Haiti is once again in the news. While much of the news coverage concentrates on Port-au-Prince, the capital, over the next few weeks we would like to share with you more detail about the situation in the north, where we and our health-care provider partners work.
At top: Nearly empty street in Cap-Haitien with barrier made of garbage. Photo from Dr. St. Fleur.
Although the insecurity and protests are not as intense in Cap-Haitien as they are in Port- au-Prince, they have reached a point of destabilizing day-to-day activities including the functioning of health centers. Due to the blockage of overland transport from ports in the south, fuel is scarce and costs the equivalent of $30 and more per gallon on the black market all over the country. Few cars, trucks, or motos (motor scooters) are on the road. Roadblocks are widespread, and travelers – including those on foot or on bicycles – are being charged to cross barricades. The public power grid has been down for several months and most people cannot afford or find fuel at all to run generators. The public market is closed and food is difficult to find, adding to the already high levels of hunger and malnutrition.
The local bottled water provider reports that as of October 2 it is “…no longer able to produce or distribute Culligan Water because our diesel reserves are completely exhausted.” Schools are closed. Banks are open but they are difficult to access because of long lines and early closures. The Cap-Haitien airport and port are officially open, but lack of fuel means trucks can’t move containers out of the port. Finally, and alarmingly, there are increasing reports of cholera, currently concentrated in the south but recently expanding to the central region.
Many NGOs, the United Nations, and US State Department have evacuated expat staff. Konbit Sante’s Country Director, Tezita Negussie, the only non-Haitian Konbit Sante staff person based in Haiti, has not been able to return after attending a staff retreat in the US, and it is unclear when she will be able to. In the meantime, she is in daily contact with Konbit Sante staff and collaborating NGOs in Haiti to coordinate Konbit Sante’s support for partners.
“It’s extraordinary that staff and partners in Haiti continue to work under these conditions,” says Konbit Sante Country Director, Tezita Negussie. “And we are working hard to support them. Although Konbit Sante isn’t able to provide the amount of aid that large humanitarian organizations do, our staff are already on the ground, assessing and assisting. The fuel shortage, lack of electricity, roadblocks, increasing threat of cholera have affected everyone including all staff in Haiti. Surges of patients who find their regular hospitals and clinics closed are quickly draining partners’ existing resources.”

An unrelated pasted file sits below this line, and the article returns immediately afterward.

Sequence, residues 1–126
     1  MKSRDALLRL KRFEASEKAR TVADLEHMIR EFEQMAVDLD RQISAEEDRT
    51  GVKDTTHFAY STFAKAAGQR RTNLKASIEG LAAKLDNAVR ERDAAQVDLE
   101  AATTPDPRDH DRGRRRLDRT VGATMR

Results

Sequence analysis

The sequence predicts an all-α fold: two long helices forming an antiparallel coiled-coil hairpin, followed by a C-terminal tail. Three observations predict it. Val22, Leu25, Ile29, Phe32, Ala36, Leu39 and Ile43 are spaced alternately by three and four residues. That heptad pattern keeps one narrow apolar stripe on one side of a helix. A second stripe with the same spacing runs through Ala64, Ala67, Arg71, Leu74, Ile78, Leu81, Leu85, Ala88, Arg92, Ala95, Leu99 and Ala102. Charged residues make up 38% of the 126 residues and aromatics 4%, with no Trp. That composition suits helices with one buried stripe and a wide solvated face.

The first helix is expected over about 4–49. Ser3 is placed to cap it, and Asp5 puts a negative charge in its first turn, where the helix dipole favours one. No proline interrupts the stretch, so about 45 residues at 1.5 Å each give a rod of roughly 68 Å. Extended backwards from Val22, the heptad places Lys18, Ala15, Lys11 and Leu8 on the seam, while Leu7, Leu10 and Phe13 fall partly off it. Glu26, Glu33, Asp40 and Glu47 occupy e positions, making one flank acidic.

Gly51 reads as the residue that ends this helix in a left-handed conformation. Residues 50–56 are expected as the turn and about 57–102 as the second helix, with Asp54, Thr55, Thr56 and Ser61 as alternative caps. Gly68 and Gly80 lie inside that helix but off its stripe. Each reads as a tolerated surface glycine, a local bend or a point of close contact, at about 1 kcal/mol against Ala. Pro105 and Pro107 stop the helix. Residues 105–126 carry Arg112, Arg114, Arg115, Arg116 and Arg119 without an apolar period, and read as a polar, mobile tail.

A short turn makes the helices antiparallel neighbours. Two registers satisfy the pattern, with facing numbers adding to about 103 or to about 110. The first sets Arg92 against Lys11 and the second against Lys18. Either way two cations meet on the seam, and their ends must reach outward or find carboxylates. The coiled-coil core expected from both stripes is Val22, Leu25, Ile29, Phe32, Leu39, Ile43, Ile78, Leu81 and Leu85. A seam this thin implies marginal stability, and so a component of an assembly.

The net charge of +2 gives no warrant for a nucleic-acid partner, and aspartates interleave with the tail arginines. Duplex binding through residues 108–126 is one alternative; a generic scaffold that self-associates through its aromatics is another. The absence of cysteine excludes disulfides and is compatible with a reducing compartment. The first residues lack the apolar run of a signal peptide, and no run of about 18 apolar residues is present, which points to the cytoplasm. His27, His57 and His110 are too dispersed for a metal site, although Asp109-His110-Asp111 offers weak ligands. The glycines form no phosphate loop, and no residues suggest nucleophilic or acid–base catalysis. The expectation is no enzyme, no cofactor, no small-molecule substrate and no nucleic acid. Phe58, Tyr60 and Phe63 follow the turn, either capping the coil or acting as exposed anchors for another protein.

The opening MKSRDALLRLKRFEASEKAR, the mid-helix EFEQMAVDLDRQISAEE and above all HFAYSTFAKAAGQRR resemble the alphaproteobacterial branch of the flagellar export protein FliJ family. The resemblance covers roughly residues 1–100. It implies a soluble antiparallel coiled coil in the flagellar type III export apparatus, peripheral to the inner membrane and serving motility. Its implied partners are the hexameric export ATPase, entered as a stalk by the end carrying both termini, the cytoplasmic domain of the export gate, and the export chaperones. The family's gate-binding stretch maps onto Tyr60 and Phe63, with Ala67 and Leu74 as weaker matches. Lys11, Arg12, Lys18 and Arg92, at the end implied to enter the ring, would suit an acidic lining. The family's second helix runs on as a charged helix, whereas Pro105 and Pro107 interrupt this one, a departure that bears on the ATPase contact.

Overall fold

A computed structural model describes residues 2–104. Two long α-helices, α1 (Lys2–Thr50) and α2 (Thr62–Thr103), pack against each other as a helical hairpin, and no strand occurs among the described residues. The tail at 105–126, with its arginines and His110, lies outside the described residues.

Konbit Sante’s first priority is to meet partner facilities’ immediate needs so they can continue to treat patients. So far we’ve been able to react quickly, targeting resources to where they will have the greatest impact.
During the next few weeks we will talk in more detail about the dynamics and geography of patient care when many health facilities are closed, what our partners are asking us to help with, how our partners are keeping the doors open and the lights on, the supply situation, advance preparation in anticipation of a second cholera outbreak, and other stories that we hope you will find informative. Here’s the first…
The Hopital Convention Baptiste d’Haiti (HCBH) is a 100-bed full-service private hospital that also operates the primary spinal cord rehabilitation center for northern Haiti. Located in Quartier Moran southeast of Cap-Haitien, they have been a partner with Konbit Sante since 2010 when we collaborated on the earthquake and cholera responses.
Three weeks ago Konbit Sante approved and delivered a donation of $5,000, matching Hope Health Action’s investment, to buy 25 solar panels. Hope Health Action (HHA) is an important NGO partner of Konbit Sante. These panels were purchased immediately and installed by HHA volunteers allowing pediatrics, the neonatal care unit, and the maternity ward to stay open without fuel.
HHA’s Rob Dalton and Nurse Cassandra Jean Baptiste describe the impact that having solar power is having on patients as well as on care providers.
Rob Dalton: “We want to say a massive thank you to our partner Konbit Sante for a gift of 25 solar panels. What that means is that if we completely run out of fuel we’ll be able to power the NICU and pediatric department plus give emergency power to other services like maternity, and like the emergency department as needed.”
Nurse Cassandra Jean Baptiste, head of Maternity Private Ward: “At the moment we have a crisis amongst us in Haiti. We don’t have gas. So we have to use the inverter solar system. There are a lot of other hospitals closing because they can’t find gas. But because we are using alternative methods, we continue to function and stay open. Thank you.”
For more information about the Hopital Convention Baptiste d’Haiti please visit:https://konbitsante.org/our-partners/haitian-baptist-convention-hospital/